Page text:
That's just asinine. If it's false you're undermining employee confidence in the review and performance reward system for no reason. If it's true you should be fixing it, an in the interim keeping your mouth shut.

Now I'd say you should keep your work and personal (e.g. sex) life separate, but I know some companies don't give employees time to have a personal life. If a company does that you're absolutely right, your HR people are going to have a tough time navigating the line between advances and harassment. All the more reason not to be sloppy. If someone in such an environment can't broach the subject with tact, he'd better be prepared to be celibate.

Comment Boy, that is a STUPID idea. (Score 5, Informative) 251

Good thing that's not what they're actually doing.

If you read the actual GAO report, it doesn't say the rocket costs twenty-three billion. That's the cost of "the first planned SLS flight, the ground systems for that effort, and the first two Orion flights." In other words the costs to meet certain early program milestones, including costs which should properly be amortized across the lifetime of the rocket and crew vehicle.

The actual per launch cost of just the SLS system is supposed to be about $500 million, or 2% of the $23 billion figure.

That's still a lot of money. Even if you go with expendable costs of half a billion, and billions for the whole mission for sure, well, it's a lot of money just to prove you still have big balls. Not that that's completely unimportant, but I'd like to know what the manned component does for the mission besides make it more complex and expensive and therefore a more impressive demonstration of our manhood.

Comment Re:I'm not surprised. (Score 4, Interesting) 741

Let me ask you a simple question. Ignoring the sexism, which doesn't apply to you, read her description of the corporate culture and tell me: does this sound like a place you'd like to work?

It isn't just sexism, she describes a generally toxic work culture in which all kinds of problems can arise and persist. It's one where managers are focused on competing with each other, even to the point of undermining their supervisors; you might let a problem ride for a bit because you might need to use it against them later.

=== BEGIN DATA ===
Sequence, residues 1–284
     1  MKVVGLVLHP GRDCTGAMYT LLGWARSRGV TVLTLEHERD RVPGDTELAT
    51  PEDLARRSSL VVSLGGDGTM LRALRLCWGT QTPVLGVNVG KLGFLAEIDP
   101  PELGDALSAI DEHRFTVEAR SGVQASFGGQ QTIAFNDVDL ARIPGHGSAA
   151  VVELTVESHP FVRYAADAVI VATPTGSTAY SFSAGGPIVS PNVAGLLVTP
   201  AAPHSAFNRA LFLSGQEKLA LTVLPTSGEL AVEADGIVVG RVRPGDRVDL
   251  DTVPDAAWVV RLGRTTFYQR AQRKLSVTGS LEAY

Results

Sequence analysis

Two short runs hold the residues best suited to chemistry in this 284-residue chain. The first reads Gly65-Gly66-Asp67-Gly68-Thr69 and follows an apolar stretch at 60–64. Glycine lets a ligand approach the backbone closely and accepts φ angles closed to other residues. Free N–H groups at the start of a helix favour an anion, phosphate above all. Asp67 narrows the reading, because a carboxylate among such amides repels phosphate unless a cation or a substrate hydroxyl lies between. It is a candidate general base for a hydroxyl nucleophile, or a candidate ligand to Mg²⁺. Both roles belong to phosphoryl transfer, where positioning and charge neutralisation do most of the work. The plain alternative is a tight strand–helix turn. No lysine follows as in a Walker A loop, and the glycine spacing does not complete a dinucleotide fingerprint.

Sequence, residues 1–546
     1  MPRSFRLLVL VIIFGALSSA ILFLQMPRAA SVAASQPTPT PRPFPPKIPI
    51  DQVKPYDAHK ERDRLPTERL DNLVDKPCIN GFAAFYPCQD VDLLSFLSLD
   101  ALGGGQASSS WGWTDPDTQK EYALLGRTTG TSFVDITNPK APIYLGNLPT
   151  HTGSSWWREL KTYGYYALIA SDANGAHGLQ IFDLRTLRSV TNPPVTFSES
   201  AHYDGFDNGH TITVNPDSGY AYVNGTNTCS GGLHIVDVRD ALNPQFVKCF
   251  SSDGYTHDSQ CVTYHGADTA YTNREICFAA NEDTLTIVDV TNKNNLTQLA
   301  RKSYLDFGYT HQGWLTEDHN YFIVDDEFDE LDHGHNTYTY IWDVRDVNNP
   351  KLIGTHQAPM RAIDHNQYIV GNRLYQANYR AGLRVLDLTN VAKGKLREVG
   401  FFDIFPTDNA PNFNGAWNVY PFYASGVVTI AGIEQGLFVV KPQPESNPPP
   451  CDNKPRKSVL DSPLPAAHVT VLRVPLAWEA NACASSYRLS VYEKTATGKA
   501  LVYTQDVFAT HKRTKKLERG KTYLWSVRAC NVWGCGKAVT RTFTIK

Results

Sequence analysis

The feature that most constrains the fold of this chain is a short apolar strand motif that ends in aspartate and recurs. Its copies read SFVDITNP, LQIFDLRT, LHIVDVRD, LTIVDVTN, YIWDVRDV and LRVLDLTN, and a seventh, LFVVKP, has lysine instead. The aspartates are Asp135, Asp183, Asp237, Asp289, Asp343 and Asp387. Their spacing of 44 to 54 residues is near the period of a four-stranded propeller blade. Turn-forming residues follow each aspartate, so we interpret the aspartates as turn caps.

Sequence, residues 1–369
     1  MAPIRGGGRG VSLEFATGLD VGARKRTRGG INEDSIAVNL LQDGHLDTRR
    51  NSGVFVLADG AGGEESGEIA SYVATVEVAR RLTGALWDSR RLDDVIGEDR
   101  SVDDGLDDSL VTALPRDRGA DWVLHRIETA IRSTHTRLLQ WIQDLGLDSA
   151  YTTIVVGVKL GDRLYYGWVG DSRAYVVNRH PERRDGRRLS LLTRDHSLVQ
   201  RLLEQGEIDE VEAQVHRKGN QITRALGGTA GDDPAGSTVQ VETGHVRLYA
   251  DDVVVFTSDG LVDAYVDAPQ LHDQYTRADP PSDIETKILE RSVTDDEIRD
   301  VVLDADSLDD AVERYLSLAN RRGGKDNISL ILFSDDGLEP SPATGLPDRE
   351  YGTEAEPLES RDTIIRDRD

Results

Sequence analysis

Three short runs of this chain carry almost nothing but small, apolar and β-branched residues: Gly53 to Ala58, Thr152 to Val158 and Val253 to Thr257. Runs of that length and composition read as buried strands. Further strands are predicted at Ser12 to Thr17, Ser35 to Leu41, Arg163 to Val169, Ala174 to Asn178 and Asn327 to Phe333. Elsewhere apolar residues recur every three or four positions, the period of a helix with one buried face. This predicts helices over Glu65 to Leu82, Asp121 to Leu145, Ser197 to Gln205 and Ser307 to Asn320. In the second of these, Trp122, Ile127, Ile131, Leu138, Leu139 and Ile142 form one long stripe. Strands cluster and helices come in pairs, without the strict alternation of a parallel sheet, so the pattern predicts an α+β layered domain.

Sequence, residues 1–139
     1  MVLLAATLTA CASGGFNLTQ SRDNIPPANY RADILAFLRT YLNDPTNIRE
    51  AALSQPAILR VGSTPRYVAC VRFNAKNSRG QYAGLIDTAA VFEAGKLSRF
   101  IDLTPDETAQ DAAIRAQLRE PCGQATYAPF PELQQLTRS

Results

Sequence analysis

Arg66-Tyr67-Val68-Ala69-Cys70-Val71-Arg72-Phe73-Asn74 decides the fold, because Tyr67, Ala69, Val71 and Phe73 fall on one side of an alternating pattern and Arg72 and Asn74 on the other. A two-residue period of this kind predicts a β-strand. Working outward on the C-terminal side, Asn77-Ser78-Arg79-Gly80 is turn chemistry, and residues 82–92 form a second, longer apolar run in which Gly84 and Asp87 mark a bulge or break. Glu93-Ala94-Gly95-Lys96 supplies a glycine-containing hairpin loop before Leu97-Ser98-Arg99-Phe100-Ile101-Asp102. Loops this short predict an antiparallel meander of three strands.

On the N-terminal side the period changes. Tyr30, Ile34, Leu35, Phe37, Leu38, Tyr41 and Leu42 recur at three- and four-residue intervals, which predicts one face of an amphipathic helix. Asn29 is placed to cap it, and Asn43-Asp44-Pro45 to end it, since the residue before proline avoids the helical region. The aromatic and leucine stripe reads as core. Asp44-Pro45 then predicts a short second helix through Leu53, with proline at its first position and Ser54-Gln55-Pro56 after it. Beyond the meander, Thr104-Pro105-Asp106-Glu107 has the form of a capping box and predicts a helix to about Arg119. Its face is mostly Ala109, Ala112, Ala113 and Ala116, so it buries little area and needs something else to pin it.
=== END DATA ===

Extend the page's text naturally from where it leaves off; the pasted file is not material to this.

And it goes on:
Now granted, this might not be a fair description of Uber's culture. Or her perceptions might be colored by what was a string of bad luck. But we all know places that shade this way exist. The problem of a organizations that are at the same time bureaucratic and cutthroat go way back. What she describes could be the politics of an old-time royal court.

Why? Why does this kind of culture crop up again and again in human history?

I think because ruthless internal competition offsets some of the natural lethargy of a bureaucracy. It can serve the interests of whoever is on top, at least in the short term. If you have no talent for inspiring people you can at least set them against each other. But you'd be a fool to join such an organization at the bottom, knowing what it is, if you had any alternatives.

Comment Re: Jacobin Jeopardy (Score 1) 741

I know, right? Communism never led to any abuses ever!

Communism has never been faithfully attempted at scale. It has always been a cynical ploy to fool the populace while the rich stayed rich. (Sometimes they are killed and their wealth absorbed by other rich people, but the wealth doesn't make it into the hands of the people.)

Neither did theocracies, anarchy, or monarchies!

I didn't say any of those things were good, did I?

Comment Re: Not that easy (Score 1) 95

I always thought it was odd they relied on the client to determine whether the bullet would hit.

They don't. But they rely on the client to determine whether or not the players can see one another. If you tamper with the client then you can get more information than you're supposed to have.

It ought to be easy to find the wall hacks from a tape of the game though.

It seems to me like there ought to be a log of every shot in the game; timestamp, initiating actor, a list of who took damage and how much they took and whether it was direct or splash damage, and the positions and facing of all the relevant actors. Ideally you would actually log literally everything for later replay, every single event. Now that would be professional.